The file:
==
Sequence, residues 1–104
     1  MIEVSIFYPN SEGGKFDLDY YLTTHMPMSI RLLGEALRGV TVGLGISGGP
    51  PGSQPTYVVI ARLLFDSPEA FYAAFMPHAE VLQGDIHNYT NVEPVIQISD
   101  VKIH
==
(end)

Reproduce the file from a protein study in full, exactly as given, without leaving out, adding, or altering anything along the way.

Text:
Sequence, residues 1–104
     1  MIEVSIFYPN SEGGKFDLDY YLTTHMPMSI RLLGEALRGV TVGLGISGGP
    51  PGSQPTYVVI ARLLFDSPEA FYAAFMPHAE VLQGDIHNYT NVEPVIQISD
   101  VKIH